Published December 17, 2012
The Diagnostic and Statistical Manual of Psychiatry, published by the American Psychiatric Association, has come under fire recently because of its controversial decision to drop Asperger’s syndrome from its newest edition (DSM-V), which will be published in May 2013.
Instead, Asperger’s will be lumped into a general umbrella term of “autism spectrum disorder.”
This means people with Asperger’s, a mild, but high-functioning type of autism, may lose out on the services and treatments they need to function within society.
People who knew family of shooter, Adam Lanza, who murdered 20 children and six staff at Sandy Hook Elementary School in Newtown, Conn., Friday, have said he suffered from Asperger’s.
“It’s important to note – even if he did have Asperger’s, which has not yet been confirmed – this condition would not cause him to commit a horrible act of violence alone,” said Dr. Keith Ablow, a forensic psychiatrist a member of the Fox News Medical A-Team.
Another set of psychiatric symptoms have to also be involved, added Ablow, who never treated Lanza.
“Children with Asperger’s may not feel connected to others, and may be more vulnerable to other psychiatric disorders. It is also possible that Asperger’s (if he had it) was a misdiagnosis, and he had something else.”
According to the Mayo Clinic, the core issues for children with autism include problems with social interaction, language and behavior.
Ablow said the DSM is basically a “bible” of conditions psychiatrists use to diagnose their patients and, to a great extent, determine what treatments would benefit them. The DSM also has extremely important implications for what kinds of psychiatric problems insurers will cover, and even which ones schools and employers will consider disabilities.
The APA said in a statement earlier this month that the decision to remove Asperger’s from the DSM-V, is to “help more accurately and consistently diagnose children with autism.”
There are other changes to the new DSM as well, including adding entries for new disorders, like hoarding and disruptive mood dysregulation disorder (which refers to frequent temper tantrums). Dyslexia, a learning disorder that affects a person’s ability to read, will also be removed.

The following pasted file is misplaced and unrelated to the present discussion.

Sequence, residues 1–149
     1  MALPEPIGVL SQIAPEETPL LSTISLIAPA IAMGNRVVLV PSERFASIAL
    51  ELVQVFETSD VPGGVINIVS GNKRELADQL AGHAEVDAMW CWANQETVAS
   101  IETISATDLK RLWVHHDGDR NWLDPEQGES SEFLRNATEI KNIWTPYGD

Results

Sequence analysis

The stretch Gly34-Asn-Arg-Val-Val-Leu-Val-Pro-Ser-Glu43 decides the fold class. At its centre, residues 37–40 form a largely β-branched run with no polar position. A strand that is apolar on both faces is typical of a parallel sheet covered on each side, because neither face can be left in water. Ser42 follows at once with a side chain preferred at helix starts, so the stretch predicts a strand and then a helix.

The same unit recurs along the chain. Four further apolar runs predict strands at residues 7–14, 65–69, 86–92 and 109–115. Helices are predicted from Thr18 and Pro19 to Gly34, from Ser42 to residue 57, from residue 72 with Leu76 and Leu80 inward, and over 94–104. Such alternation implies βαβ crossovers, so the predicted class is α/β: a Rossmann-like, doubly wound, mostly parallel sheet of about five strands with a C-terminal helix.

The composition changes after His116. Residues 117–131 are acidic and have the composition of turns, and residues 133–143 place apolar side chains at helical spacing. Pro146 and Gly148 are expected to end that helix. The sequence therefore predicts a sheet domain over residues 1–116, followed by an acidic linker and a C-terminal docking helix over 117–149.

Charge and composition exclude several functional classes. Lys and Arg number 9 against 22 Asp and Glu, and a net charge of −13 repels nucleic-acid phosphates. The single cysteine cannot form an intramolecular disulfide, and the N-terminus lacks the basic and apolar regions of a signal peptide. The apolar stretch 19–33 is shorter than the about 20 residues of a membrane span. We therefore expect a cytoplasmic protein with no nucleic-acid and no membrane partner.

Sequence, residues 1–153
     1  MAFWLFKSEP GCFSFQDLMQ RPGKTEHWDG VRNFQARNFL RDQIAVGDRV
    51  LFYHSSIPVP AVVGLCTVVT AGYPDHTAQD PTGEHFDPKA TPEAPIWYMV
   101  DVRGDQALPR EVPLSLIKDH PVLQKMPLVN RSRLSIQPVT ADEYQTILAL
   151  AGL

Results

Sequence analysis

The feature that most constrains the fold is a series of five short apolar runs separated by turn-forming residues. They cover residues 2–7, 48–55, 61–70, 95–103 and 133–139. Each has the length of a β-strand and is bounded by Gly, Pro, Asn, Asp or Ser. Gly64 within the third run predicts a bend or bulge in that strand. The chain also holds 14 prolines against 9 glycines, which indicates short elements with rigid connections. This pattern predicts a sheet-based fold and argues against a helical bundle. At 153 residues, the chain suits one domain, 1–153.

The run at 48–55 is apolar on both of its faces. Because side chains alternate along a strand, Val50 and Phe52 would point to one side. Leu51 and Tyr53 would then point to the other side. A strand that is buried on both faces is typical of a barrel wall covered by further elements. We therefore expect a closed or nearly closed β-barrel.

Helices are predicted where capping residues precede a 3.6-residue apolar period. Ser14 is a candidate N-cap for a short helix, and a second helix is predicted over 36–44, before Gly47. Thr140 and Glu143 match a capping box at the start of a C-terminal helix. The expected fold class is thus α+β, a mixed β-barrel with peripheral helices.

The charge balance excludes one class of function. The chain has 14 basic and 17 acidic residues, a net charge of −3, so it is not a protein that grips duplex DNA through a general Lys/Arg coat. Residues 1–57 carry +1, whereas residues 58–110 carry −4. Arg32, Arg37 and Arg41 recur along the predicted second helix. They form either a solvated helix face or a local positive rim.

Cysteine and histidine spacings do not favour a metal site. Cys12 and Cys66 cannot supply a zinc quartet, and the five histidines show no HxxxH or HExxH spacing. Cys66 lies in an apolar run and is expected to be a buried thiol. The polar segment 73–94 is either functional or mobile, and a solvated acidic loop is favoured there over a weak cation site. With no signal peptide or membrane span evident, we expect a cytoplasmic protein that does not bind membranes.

Ablow, as well as other distinguished psychiatrists, has disagreed with the APA’s decision from the very beginning.
“This contradicts previous studies that have found 45 percent or more of the patients now considered autistic would no longer be diagnosed as such,” Ablow wrote in a previous FoxNews.com article.
Ablow continued to say that psychiatric researchers “apparently differ by more than 400 percent in their estimates of how many patients will no longer be considered autistic,” and so for the millions of Asperger’s patients who have already been diagnosed, may be taken away from them.
“Medical specialties—psychiatry included—should not be in the habit of shifting their diagnoses every time a new diagnostic manual is published by its trade guild,” Ablow told FoxNews.com. “Rather than the pace of discovery, it could be argued that what is shifting is the way organized psychiatry eyes third-party reimbursement or keys its diagnoses to match up with available medications.”
Dr. Manny Alvarez, senior managing health editor of FoxNews.com, said one of the main differences between Asperger’s and autism is there is no speech delay in Asperger’s, but individuals with the condition may not be able to pick up on subtleties like humor or sarcasm.
The Autism Society states that while children with autism may seem uninterested in social interaction, those with Asperger's typically want to fit in and interact with others - but are incapable of knowing how to do so.
Individuals with Asperger’s usually have above-average intelligence, Alvarez added.
Alvarez noted that the removal of Asperger’s from the DSM-V could diminish early intervention for these people, which “is key to mainstream treatment.”
In a recent blog, Dr. Allen Frances, professor emeritus at Duke University, and the chairman of the DSM-IV task force, said clinical trials that supposedly determine whether the new DSM-V is a good and accurate guide “have been pure disaster from start to finish.”
Frances accused the APA of having “lost its competence and credibility,” saying the trials were a “fiasco.”